The National Women’s Soccer League was only a month and a half old and the players had been assigned to their clubs just minutes earlier. But on social media, the Portland Thorns were already being crowned the 2013 champions.
They were perceived as having made out the best in the budding league’s initial allocation of 55 United States, Canadian and Mexican national team players to eight clubs across the country. When starting a professional league from scratch, especially one with a finite number of established stars, such early imbalance is to be expected. ...
See the whole story here, courtesy of Fox Sports.
Kicking Back Comments: Near the bottom of the article the author details what he believes will be the difference between the WUSA, WPS, and the NWSL. Specifically why it will succeed. From the article:
"If this league is to survive – unlike the two predecessors, the WUSA and WPS, which were both felled by their problematic economics and attendance in just the last decade – it will probably do so by the grace of its star power."
I truly hope there is more to the business plan than this. Fame is fleeting. WUSA should have made that clear enough. Now a better answer is that US Soccer, as well as the Canadian and Mexican federations are paying the freight for the National Team players (where are my membership fees going again ... to referee development?).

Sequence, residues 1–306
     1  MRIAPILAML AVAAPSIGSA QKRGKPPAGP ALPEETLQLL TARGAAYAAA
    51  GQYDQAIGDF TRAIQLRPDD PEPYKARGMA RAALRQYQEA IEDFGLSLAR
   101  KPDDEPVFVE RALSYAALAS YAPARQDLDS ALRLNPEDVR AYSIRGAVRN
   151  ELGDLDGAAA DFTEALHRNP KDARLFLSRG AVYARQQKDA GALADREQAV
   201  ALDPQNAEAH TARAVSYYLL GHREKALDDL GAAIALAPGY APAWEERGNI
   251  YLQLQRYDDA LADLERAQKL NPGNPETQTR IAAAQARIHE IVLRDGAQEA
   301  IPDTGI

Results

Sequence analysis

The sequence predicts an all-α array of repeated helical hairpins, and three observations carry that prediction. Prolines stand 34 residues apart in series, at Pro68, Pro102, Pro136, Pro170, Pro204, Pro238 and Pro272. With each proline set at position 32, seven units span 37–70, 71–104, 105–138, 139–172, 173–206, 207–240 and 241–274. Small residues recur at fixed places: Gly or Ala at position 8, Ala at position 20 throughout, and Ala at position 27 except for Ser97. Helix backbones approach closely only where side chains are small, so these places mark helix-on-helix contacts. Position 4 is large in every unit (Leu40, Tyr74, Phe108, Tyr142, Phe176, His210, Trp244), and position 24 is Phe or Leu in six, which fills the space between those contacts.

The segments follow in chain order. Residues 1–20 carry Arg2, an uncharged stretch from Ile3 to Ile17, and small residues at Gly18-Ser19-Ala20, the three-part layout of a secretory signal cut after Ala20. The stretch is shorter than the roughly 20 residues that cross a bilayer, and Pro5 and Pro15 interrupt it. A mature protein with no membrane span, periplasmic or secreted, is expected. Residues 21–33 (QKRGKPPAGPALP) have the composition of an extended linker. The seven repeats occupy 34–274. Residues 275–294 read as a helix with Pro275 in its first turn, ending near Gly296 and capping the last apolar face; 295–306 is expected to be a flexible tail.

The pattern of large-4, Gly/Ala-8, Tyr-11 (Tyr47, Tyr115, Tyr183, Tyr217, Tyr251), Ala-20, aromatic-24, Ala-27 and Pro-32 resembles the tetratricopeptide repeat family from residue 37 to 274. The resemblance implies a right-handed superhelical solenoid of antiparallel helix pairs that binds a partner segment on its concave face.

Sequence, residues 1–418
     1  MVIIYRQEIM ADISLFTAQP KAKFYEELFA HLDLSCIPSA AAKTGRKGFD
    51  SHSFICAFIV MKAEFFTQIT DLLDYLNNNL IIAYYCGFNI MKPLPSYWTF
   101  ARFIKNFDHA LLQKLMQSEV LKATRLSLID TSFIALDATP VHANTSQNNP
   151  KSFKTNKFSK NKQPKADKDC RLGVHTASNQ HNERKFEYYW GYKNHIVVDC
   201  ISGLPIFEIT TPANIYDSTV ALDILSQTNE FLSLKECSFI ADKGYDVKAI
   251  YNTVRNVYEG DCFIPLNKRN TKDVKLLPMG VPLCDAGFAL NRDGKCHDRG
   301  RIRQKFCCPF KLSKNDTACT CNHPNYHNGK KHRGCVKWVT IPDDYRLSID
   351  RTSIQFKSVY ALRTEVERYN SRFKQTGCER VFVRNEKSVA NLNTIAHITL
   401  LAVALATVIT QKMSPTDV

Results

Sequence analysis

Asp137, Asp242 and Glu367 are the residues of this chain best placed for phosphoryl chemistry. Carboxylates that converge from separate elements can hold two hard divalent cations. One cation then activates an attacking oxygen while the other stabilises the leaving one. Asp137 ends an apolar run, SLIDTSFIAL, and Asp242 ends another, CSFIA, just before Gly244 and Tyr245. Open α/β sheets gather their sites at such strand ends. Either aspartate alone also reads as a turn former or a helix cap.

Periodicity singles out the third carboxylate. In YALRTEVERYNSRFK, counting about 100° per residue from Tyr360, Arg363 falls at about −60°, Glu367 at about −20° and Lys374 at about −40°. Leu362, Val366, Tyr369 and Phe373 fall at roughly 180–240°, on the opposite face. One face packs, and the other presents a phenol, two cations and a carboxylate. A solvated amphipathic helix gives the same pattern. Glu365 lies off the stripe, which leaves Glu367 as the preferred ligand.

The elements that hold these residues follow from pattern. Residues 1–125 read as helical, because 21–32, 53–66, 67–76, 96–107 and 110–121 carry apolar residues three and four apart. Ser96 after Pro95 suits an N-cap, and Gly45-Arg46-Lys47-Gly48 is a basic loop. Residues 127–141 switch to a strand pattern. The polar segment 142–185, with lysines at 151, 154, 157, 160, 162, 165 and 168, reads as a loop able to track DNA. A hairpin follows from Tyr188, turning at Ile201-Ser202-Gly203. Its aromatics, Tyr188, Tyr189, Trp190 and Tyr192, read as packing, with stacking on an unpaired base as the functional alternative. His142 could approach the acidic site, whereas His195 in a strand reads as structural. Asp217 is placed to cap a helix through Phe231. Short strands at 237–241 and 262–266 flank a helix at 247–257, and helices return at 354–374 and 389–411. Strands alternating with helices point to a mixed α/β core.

Please don't rest the hopes of this last (IMHO) women league of my generation on fame. While the names of the US WNT are known in some circles now, give it a couple of years and let's see what happens.
Another aspect of a successful league it the ownership. Mr. Magic Jack ground the WPS league to a halt with his nonsense. What has the NWSL done to prevent a reoccurrence this time around?
The players have been allocated by a "board of experts" and apparently takes into consideration where players want to play, and what markets they will play to. While the first element is easy to match, the second, not so much.
From jump the league is slanted to the West, Pacific Northwest specifically, and the league itself agrees. Seems all too contrived to be competitive ... but in business ... you want to set yourself up for success. This is business folks ... not soccer in its purest form.
We'll see where it goes, but as I have opined here before, I think if NWSL fails, it's the third strike. In this fragile economy where taxes are up and folks have even less disposable income, getting attendance will be tougher than ever.
I hope it is a wild success personally, but if the "plan" is the "grace of its star power", they will be done in a year, two tops.